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The midterms: Save yourselves!

Stu Rothenberg's latest: "Yes, any president's priority is enacting his agenda, not re-electing some Democratic Congressman from Alabama. But the White House won't help its legislative agenda by its arrogance -- by telling Members that the president can do no wrong and that it's their duty to follow the Obama agenda. That's especially true if following his agenda means they will have to jump off a cliff this year while the president will have two more years, after November, to save himself politically."

ARKANSAS: "The League of Conservation Voters, angered by [Democratic Sen. Blanche] Lincoln's opposition to EPA's efforts to regulate greenhouse gases, announced Thursday the embattled Arkansas senator was one of the first two candidates on its 'Dirty Dozen' list (10 spots are still open)… The other candidate to make the list is former Rep. Steve Pearce (R), who is running for his old seat, now held by Rep. Harry Teague (D-N.M.)." 

Yet another Republican candidate could enter the race for Senator Blanche Lincoln (D)'s seat. "Jim Lindsey, a Northwest Arkansas businessman and former University of Arkansas football player."

CALIFORNIA: "A new PPIC poll (2,001 RVs, 1/12-19, MoE +/- 2%) of the landscape in California shows that former Rep. Tom Campbell's (R) decision to switch from the gubernatorial to the Senate race has changed the dynamic of both races, as he now leads a more crowded Senate field." while former eBay CEO Meg Whitman has jumped to a commanding early lead in her bid for governor," Real Clear Politics writes. Campbell leads the GOP primary matchup with 27% of the vote, leading both Carly Fiorina (16%) and Chuck DeVore (8%). Still undecided, however, are 48% of voters.

The poll also finds that "former eBay CEO Meg Whitman has jumped to a commanding early lead in her bid for governor." She beats Steve Poizner 41-11%, with 44% of voters undecided.

FLORIDA: "When President Obama walked down the steps of Air Force One here today, Gov. Charlie Crist of Florida was waiting on the tarmac to greet him. But on this visit, Mr. Crist did not embrace the president, perhaps in the hopes of avoiding a scene like the one that has haunted him for months in his bid to win the Republican Senate primary. But is a long, lingering handshake any different than a hug?" the New York Times asks. The two leaders shared an embrace last year when Obama appeared in Florida to promote his economic stimulus -- an image promulgated by his Marco Rubio, who is challenging Crist from the right for Florida's open Senate seat. This time, the two shared a handshake -- which lasted 27 seconds.  
Awk-ward… "On Thursday, two Senate hopefuls found themselves on the same flight from Tampa to Ft. Lauderdale, and each "tweeted" about it on the microblog Twitter," CNN reports. "On a Southwest flt from Tampa to Ft Lauderdale," Meek, a Democratic congressman, wrote in shorthand. "In seat 12A. Who's in seat 9A? Marco Rubio! Exchanged a few laughs. Keeping an eye on him:)"… "Perhaps as Meek was watching him, Rubio was [also] typing away."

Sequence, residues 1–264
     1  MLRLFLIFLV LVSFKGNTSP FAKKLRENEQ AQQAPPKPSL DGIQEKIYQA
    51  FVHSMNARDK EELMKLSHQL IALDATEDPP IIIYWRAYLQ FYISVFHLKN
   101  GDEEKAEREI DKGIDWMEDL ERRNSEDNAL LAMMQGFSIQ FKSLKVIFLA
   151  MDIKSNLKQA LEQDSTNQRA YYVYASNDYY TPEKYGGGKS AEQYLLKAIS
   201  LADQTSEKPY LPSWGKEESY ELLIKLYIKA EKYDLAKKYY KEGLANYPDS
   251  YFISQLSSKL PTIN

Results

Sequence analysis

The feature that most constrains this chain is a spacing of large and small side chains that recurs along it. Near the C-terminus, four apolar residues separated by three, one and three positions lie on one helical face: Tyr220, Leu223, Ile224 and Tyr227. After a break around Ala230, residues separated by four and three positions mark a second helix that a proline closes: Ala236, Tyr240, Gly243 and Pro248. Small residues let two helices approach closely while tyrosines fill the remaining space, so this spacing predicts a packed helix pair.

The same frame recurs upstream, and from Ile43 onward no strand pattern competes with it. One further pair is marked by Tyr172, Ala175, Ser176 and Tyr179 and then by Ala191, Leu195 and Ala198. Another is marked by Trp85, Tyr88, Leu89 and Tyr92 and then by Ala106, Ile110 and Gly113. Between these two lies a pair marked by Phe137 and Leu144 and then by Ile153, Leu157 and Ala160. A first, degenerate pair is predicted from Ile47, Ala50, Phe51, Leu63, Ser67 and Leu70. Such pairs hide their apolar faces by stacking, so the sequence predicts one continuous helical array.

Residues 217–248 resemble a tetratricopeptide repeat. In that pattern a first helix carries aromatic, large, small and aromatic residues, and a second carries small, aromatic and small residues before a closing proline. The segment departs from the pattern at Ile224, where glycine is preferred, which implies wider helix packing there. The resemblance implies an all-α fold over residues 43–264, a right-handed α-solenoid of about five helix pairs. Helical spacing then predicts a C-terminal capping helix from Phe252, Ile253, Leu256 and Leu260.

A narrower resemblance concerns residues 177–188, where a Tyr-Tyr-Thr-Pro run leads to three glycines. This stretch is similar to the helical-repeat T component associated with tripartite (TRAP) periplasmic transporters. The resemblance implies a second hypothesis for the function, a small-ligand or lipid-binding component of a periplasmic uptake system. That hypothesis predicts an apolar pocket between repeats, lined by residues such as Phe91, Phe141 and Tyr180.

ILLINOIS: The AP previews Tuesday's primary elections in Massachusetts, and what it means to the White House: "If the Massachusetts special election was a kick in the shins for President Barack Obama, the political turmoil in Illinois, his home state, is a pain in the neck that never seems to go away… Going into Tuesday's Illinois primary, the first of the 2010 campaign season, Democrats are in disarray, with no political heavyweights in their lineup for the Senate seat that Obama gave up for the White House. Losing it would be a bigger personal embarrassment for the president than Republican Scott Brown's upset victory in Massachusetts, which took away the late Edward M. Kennedy's Senate seat."

SOUTH CAROLINA: The Charleston Post and Courier on last night's GOP gubernatorial debate: Asked which of the state's two Republican senators more closely mirrored their own political philosophy, gubernatorial hopefuls S.C. Attorney General Henry McMaster and 3rd District U.S. Rep. Gresham Barrett declined to pick between Jim DeMint and Lindsey Graham. But that choice wasn't a problem for the others. Lt. Gov. Andre Bauer instantly replied, 'Jim DeMint,' the senator whose conservative track record hasn't ruffled the party's base like Graham's more centrist approach has done. State Rep. Nikki Haley agreed: 'Jim DeMint, hands down. ... Senator Graham should come around at some point.'"

The State's take: "Though he admitted to poor word choice recently for comparing feeding poor children with feeding 'stray animals,' Bauer said Thursday that political correctness was "killing" the state and country and he would continue to speak out. Bauer's earlier comments, that parents on public assistance should be drug tested or their benefits withheld if they are not attentive to their children's schooling have drawn national attention. The media created the controversy, Bauer said. 'Somebody is going to have to step up and tackle the tough questions.'"